Introduction of a self-holding retractor for optimized abdominal visualization in ventriculoperitoneal shunt surgery: first experiences at a single center
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Ventriculoperitoneal shunt implantation is a common procedure in general neurosurgery. The patient population is often fragile, ranging from elderly to pediatric patients, and avoidance of perioperative complication is of utmost importance. Abdominal catheter dislocation has been found to be a common cause for early shunt dysfunction and needs to be avoided by optimal visualization of the abdominal catheter insertion zone. Here, we introduce a self-holding wound retractor system Alexis® and demonstrate its use for abdominal shunt surgery in a series of patients.
We explain the use of the Alexis® self-holding wound retractor during open ventriculoperitoneal shunt surgery in a series of 16 patients operated at our institution.
The self-holding retractor consists of two polymer rings connected by a polymer membrane. The deep ring is easily placed on the internal fascia of the straight muscle and circular retraction is achieved by twisting the upper ring. Free hand working can then be performed by a single surgeon with good abdominal exposure. No case of abdominal dislocation or infection occurred in our series, although no properly powered statistical analysis can be performed regarding the sample size.
We demonstrate the Alexis® Wound Retractor, which is an easy tool for optimal visualization of the abdominal catheter insertion zone. We believe it can facilitate surgical practice of shunt surgery, especially in obese patients.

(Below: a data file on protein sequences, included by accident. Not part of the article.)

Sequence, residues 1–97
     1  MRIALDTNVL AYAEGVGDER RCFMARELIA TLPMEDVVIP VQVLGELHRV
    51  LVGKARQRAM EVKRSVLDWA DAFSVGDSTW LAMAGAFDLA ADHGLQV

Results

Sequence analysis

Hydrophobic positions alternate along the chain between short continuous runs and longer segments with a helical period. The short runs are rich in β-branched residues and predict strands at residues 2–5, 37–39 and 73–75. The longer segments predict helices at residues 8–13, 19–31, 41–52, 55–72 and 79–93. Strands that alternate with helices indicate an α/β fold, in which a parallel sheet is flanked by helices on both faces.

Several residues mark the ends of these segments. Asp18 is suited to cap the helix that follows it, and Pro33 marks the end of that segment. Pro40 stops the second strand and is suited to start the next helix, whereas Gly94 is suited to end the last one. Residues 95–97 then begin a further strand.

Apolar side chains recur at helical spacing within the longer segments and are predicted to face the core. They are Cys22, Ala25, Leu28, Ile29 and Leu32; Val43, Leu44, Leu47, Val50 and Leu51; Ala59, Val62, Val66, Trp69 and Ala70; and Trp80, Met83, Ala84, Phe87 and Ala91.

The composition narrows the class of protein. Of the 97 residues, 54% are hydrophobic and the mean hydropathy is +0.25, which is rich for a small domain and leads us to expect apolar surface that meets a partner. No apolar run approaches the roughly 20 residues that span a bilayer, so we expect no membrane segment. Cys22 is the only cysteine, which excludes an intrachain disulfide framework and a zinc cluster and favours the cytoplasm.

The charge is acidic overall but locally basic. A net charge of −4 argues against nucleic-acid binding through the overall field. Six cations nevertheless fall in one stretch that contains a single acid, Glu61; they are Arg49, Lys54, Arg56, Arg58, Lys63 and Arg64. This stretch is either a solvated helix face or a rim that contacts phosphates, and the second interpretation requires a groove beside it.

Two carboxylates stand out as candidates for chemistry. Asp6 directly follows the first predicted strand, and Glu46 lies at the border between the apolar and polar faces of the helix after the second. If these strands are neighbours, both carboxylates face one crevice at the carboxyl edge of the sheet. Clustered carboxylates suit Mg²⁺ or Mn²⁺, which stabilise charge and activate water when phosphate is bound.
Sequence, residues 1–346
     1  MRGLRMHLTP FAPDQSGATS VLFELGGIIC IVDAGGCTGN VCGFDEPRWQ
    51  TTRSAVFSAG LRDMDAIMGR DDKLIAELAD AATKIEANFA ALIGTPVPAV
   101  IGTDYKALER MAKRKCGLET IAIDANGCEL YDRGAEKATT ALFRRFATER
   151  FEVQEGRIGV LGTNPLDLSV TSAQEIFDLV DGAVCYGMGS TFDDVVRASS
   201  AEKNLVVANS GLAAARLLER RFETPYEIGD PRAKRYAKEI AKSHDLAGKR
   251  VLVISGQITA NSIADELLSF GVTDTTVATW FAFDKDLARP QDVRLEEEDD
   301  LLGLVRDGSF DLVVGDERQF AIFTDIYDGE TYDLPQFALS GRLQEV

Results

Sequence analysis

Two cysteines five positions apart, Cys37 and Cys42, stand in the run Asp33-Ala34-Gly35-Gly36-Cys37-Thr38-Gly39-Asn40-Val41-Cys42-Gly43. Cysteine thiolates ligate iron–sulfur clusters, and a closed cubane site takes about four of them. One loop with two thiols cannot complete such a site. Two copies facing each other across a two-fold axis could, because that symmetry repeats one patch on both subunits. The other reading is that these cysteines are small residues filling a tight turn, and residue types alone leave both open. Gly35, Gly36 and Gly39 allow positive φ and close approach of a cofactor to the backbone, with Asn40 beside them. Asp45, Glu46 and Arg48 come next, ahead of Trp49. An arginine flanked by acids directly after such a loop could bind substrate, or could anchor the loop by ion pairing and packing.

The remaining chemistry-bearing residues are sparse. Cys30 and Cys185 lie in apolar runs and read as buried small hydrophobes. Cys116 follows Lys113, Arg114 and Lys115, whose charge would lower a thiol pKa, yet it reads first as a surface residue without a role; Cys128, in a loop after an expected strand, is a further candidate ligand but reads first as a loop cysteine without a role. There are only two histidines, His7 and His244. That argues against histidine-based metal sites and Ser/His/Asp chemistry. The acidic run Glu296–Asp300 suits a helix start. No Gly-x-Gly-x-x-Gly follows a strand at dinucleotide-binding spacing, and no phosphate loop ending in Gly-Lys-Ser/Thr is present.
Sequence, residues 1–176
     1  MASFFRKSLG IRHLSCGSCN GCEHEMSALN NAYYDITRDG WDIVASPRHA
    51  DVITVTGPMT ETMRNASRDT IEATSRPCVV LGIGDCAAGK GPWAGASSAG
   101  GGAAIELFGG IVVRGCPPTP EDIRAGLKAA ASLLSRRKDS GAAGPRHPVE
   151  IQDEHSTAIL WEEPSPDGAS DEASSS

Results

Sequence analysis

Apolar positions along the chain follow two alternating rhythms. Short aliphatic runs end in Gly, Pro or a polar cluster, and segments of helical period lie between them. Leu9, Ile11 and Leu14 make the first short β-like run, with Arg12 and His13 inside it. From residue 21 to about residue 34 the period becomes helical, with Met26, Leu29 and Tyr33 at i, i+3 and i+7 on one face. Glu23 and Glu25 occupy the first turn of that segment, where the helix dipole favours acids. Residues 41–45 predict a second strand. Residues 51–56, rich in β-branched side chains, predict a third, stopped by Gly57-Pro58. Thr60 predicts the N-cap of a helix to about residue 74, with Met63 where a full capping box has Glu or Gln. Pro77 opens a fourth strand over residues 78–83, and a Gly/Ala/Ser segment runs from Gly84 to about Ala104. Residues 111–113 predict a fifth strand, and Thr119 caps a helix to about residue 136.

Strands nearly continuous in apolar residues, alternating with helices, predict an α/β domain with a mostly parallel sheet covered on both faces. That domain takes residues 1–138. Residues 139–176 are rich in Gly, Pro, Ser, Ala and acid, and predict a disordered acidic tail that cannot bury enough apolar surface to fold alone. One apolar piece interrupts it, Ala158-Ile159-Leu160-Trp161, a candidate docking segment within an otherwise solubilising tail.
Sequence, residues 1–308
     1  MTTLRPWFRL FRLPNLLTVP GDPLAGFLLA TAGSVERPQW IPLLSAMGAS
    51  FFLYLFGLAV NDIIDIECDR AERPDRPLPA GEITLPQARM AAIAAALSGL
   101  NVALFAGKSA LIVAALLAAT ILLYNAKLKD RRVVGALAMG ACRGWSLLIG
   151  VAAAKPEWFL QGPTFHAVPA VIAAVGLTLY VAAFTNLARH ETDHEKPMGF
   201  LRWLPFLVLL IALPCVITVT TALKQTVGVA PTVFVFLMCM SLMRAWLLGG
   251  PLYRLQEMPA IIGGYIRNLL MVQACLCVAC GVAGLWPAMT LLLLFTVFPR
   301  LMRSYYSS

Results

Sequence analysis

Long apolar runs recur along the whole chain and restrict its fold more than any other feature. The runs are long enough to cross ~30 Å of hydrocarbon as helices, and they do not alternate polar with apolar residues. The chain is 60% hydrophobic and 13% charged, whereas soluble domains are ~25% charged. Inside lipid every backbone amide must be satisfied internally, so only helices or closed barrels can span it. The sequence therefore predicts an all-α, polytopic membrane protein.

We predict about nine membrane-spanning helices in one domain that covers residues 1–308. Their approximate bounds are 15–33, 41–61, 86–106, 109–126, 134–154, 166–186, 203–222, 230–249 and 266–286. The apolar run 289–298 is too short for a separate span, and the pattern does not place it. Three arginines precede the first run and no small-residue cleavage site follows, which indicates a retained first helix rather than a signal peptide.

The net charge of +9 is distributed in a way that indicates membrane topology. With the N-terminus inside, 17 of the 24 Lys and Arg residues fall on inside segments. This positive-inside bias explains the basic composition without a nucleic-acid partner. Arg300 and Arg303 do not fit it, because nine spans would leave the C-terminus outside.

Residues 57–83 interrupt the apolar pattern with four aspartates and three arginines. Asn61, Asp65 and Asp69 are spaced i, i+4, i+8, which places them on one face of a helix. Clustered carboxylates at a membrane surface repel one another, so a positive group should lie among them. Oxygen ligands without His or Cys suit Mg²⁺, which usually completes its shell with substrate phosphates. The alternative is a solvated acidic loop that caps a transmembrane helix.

KeywordsHydrocephalus Ventriculoperitoneal shunt Wound retractor Surgical technique
- ASA score
American Society of Anesthesiologists physical status classification system
Body mass index
Clavien–Dindo classification grade
- H. comm.
Idiopathic normal pressure hydrocephalus
Karnofsky performance status scale
Modified ranking scale
Normal pressure hydrocephalus
Traumatic brain injury
All authors confirm that the manuscript and the order of listed authors have been read and approved by all the named authors. L.H.S., M.F.O., and P.K. documented and analyzed the patient data, wrote the manuscript, and performed surgeries.
Compliance with ethical standards
All data and images mentioned in this manuscript were acquired from our institutions’ neurosurgical outcome quality and safety registry, based on local ethics committee approval (Kantonale Ethikkommission KEK-ZH 2012e0244). All patients signed an informed consent for the described procedures.
Conflict of interest
The authors declare that they have no conflict of interest.
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